North Korean Rocket Launch Challenges Obama and UN Leadership

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North Korea made good on its announced intentions to launch a rocket believed capable of carrying long-range missiles this weekend, defying  a 2006 UN Security Council resolution banning its use of nuclear or ballistic missile weaponry. Despite a call for a "strong response" from Pres. Obama and the US ambassador to the United Nations, the Security Council concluded an emergency meeting today without issuing a statement.The Jerusalem Post reported that talks between individual Council members are continuing. According to the Post article, some Security Council members worry that a strong response will further alienate the so-called Hermit Kingdom.

While North Korea issued a statement claiming that the test resulted in the successful launch of a communications satellite, US and Japanese security experts say the launch actualy failed, with debris falling into the Sea of Japan. Japan demanded the emergency Security Council meeting just after the launch. Japan had deployed warships to the Sea of Japan and there had been fears that Japan was going to intercept the rocket launch -- an action that officials in the North Korean capital of Pyongyang said it would have regarded as provocative.

The worry isn't just about the possibility that North Korea might develop weapons capable of attacking distant targets, such as Alaska. There's also the concern that North Korea will sell the technology to nation's such as Iran, or possibly terrorist groups. As the Wall Street Journal reported last week, arms sales are the country's most successful export.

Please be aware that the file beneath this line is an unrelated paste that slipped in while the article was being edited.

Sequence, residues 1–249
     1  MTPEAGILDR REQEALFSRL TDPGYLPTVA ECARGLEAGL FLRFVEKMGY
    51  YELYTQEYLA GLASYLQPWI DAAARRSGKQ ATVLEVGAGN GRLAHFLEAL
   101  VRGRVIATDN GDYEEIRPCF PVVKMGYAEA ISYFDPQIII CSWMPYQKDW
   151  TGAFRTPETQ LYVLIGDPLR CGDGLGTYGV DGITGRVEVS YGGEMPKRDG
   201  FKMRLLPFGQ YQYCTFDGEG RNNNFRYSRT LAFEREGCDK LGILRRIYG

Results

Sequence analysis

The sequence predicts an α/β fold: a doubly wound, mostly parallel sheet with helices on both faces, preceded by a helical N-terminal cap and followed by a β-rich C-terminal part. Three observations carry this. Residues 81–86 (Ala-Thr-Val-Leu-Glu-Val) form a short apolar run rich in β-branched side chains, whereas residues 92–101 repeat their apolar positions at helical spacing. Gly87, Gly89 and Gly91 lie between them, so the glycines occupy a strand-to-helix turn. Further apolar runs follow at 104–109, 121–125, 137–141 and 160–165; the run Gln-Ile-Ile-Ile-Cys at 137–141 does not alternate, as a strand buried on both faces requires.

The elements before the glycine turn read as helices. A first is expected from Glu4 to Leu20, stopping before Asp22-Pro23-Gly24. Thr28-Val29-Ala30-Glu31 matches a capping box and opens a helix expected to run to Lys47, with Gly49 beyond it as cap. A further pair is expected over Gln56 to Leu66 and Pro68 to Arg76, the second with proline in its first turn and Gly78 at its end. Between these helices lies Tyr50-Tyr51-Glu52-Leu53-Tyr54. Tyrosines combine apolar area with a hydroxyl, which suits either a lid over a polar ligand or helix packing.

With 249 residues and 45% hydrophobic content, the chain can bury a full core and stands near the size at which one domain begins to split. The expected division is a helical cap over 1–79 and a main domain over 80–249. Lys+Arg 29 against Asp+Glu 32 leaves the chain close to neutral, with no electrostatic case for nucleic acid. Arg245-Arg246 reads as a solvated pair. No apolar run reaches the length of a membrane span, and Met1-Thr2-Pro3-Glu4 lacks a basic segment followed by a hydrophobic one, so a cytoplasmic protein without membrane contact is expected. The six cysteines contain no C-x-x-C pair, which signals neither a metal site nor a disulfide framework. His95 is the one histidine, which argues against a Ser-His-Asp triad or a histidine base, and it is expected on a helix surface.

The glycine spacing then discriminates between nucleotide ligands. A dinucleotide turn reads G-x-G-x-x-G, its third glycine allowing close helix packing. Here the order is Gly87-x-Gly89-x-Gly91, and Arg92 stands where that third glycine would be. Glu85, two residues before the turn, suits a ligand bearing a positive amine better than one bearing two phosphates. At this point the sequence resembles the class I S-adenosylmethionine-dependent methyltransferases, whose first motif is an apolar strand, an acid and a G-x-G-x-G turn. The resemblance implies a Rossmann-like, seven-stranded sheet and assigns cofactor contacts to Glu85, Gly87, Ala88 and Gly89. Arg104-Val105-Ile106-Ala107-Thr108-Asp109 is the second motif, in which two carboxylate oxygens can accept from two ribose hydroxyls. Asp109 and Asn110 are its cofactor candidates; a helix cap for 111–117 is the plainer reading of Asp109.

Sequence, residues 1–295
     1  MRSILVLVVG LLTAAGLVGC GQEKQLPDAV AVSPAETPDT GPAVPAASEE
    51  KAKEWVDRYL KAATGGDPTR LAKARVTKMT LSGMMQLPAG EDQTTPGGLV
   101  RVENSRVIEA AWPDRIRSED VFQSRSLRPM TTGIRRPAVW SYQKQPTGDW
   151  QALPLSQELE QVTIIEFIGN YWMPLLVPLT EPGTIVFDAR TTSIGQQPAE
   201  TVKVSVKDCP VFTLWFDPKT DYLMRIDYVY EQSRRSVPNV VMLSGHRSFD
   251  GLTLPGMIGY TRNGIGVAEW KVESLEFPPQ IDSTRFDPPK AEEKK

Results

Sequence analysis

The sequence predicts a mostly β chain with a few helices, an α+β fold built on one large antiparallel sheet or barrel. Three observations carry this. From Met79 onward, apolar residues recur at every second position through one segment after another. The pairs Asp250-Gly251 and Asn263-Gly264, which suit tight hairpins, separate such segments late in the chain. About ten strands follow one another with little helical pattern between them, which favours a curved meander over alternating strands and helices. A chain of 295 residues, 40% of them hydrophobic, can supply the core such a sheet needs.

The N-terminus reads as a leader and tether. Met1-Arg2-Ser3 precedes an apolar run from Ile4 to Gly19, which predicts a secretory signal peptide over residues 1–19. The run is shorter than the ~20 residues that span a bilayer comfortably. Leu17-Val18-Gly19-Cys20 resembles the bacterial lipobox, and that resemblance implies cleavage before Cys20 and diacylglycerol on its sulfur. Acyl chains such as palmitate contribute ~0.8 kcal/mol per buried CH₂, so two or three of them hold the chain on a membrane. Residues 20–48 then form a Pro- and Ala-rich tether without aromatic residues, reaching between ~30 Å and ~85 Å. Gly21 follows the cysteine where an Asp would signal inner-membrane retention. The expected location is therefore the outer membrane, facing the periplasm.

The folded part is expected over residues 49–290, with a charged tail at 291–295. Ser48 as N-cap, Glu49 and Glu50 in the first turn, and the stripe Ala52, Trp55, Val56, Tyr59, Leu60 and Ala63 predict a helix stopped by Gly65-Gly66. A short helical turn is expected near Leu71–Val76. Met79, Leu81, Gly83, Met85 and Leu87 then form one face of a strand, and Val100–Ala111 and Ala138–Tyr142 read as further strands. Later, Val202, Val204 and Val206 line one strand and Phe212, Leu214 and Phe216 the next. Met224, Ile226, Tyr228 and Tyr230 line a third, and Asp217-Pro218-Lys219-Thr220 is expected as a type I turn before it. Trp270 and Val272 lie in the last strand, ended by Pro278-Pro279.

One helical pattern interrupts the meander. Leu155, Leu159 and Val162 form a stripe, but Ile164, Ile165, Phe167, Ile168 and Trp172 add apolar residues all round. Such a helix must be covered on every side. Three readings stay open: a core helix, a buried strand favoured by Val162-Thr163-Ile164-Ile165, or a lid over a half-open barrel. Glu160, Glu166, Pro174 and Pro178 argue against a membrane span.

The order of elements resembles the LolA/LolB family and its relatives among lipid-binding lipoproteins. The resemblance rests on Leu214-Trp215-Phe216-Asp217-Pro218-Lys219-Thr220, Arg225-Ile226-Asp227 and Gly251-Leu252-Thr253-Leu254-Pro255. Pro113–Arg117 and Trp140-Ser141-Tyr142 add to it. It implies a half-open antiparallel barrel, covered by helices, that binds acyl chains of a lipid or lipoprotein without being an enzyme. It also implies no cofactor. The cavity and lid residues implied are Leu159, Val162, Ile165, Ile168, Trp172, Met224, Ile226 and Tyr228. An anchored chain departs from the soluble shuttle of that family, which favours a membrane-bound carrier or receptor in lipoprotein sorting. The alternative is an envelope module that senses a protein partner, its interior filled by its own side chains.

The US has an additional concern: since March 19, North Korea has been holding two Current.tv journalists, Laura Ling and Euna Lee in detention, claiming they entered the country illegally. The Committee to Protect Journalists demanded an explanation for the detention. Kimchi at Kimchi Mamas reports that North Korea now says that Ling and Lee will stand trial for "hostile acts against the North Korean state."

Back in January, East Asian historian Jonathan Dresner wrote that while the outside world's understanding of the logic behind North Korea's moves is limited, he likes Mitchell Lerner's argument that these provocations seem to be a way of bolstering the regime's claim's juche -- "self-reliance" -- in the midst of hard times. 

North Korea's actions, and the tepid international response underscore the challenges to reaching the vision of a less-nuclear world that Pres. Obama outlined before cheering crowds in Prague, Czech Republic just hours after the missile launch, After pledging that he would reduce US nuclear stockpiles, negotiate a new arms reduction treaty with Russia, push for a global nuclear test ban treaty, and support another treaty to reduce the spread of materials critical for nuclear bombs. In light of this vision, Obama called for strong condemnation of North Korea's actions:

"Rules must be binding. Violations must be punished. Words must mean something... North Korea must know that the path to security and respect will never come through threats and illegal weapons."

 

US ambassador to the UN Susan Rice echoed the President's call for action in a This Week interview with George Stephanopoulos Sunday morning:

 

Cheryl Cofer, a chemist who writes about nuclear and strategic issues has an approving analysis of Obama's Prague speech, as well as a round-up of media reaction. Of the speach, Cofer calls parts of the speech "masterful," says a new START treaty will be "hard work," and notes the ways in which Obama's policies depart sharply from those former Pres. George W. Bush.

 

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